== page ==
SECURITY OF INFORMATION
Letter from the Chairman to Dr Denis MacShane
MP, Minister for Europe, Foreign and Commonwealth Office
Thank you for the Explanatory Memorandum dated
9 January 2003 which Sub-Committee C considered at its meeting
on 16 January. The Sub-Committee have agreed to clear this item
but would like some further information with regard to this issue.
Can the Government be sure that this
agreement is not going to cause offence to the Americans, or indeed
the UK by making available intelligence which is the sole property
of the US, or US intelligence shared with the UK?
Does this agreement mean that some
intelligence made available to NATO will not be shared automatically
with the EU?
Why does Article 3 include the Council
and the Commission as parties to the Treaty; does Her Majesty's
Government consider Article 4(d) the solution to any confusion
between the institutions concerning information sharing?
Can we be certain that all countries'
vetting procedures are as vigorous as ours? Who will be conducting
the enquiries described in Article 7(b)?
20 January 2003
Letter from Denis MacShane to the Chairman
Thank you for your letter of 20 January requesting
further information on my Explanatory Memorandum on the Agreement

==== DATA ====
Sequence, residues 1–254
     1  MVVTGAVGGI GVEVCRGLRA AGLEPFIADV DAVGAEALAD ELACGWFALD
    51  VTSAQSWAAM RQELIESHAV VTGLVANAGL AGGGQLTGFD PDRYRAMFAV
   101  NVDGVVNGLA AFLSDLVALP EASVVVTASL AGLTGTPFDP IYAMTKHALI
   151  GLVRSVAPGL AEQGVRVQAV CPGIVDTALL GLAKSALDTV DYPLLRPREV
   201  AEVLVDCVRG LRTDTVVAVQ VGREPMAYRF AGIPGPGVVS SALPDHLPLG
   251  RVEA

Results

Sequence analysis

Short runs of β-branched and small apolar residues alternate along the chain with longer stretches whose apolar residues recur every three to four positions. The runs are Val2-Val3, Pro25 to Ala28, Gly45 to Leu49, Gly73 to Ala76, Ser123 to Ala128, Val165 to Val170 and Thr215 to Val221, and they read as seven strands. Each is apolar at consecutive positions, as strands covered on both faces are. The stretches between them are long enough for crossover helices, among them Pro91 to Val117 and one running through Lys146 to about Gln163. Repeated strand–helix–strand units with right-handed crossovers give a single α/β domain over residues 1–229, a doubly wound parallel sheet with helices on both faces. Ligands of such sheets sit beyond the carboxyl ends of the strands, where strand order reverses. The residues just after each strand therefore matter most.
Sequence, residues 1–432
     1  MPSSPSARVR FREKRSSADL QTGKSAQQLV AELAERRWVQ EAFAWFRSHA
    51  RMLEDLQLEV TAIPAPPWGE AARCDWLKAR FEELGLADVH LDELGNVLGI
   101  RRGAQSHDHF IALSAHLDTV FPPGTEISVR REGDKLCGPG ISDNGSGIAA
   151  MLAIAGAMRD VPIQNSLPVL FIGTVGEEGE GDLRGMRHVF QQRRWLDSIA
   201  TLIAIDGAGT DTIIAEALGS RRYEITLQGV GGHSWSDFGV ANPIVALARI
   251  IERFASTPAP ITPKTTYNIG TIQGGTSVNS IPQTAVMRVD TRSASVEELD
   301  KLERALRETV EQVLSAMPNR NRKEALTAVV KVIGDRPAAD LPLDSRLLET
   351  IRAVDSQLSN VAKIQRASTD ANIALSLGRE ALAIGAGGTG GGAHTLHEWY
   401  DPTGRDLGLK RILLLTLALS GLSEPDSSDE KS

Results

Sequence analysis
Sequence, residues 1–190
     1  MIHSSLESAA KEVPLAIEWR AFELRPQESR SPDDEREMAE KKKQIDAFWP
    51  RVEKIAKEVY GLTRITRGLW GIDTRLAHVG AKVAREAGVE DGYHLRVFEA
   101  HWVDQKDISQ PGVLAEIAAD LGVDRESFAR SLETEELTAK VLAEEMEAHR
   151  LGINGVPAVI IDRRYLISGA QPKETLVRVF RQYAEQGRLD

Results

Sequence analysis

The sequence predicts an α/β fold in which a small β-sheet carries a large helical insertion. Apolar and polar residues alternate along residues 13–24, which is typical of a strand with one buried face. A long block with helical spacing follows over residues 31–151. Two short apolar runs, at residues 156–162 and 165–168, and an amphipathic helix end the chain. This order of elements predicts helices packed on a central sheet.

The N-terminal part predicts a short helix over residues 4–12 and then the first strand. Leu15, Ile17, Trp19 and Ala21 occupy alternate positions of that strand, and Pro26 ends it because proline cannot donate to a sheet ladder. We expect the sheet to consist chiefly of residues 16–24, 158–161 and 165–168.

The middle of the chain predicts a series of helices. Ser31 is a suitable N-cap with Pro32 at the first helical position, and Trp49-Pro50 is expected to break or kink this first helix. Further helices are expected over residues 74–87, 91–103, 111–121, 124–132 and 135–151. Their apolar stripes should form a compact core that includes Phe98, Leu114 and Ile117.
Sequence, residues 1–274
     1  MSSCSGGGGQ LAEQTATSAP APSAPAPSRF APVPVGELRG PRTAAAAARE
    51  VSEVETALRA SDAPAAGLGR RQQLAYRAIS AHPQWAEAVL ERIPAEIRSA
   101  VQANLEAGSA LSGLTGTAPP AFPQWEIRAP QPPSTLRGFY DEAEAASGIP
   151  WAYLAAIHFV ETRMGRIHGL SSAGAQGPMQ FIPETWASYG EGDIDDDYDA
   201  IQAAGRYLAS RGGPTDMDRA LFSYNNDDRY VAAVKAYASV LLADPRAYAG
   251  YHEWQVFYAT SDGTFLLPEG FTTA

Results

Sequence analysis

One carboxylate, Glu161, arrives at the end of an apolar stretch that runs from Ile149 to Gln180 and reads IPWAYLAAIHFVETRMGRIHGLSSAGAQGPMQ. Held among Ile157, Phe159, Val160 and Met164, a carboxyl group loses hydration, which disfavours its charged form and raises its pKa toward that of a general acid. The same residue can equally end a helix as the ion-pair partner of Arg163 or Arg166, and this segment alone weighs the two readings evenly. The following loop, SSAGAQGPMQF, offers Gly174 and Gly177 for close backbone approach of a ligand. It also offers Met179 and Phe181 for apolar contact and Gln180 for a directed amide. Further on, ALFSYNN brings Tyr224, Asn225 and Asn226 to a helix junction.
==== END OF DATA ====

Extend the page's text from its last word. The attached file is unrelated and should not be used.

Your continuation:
between the European Union and North Atlantic Treaty Organisation
on security of information.
The Government is sure that this agreement will
not cause offence to the United States or the United Kingdom with
regard to intelligence sharing, as the United States is an active
member of NATO and has been fully involved in the negotiating
process. There is no question of United States' intelligence being
passed by NATO to the EU except when agreed by the United States.
Fundamental to this agreement is the principle
of originator control. No classified information, including intelligence,
will be transferred or exchanged without the consent of the originator.
Therefore national intelligence made available to either organisation
cannot be automatically shared with the other.
The Council and the Commission are not parties
to the agreement. The parties are NATO and the EU. The purpose
of Article 3(b) is to say which institutions of the EU may see
information, in the same way as Article 5(a) identifies which
States may see information.
In order to ensure that EU and NATO security
procedures are consistent, and that the agreed standards are met
and maintained, the NATO-EU Security Agreement provides for reciprocal
inspections of the EU by NATO and of NATO by the EU. Both NATO
and the EU require their Member States to conduct the enquiries
described in Article 7(b) on their behalf in accordance with their
respective security regulations.
4 February 2003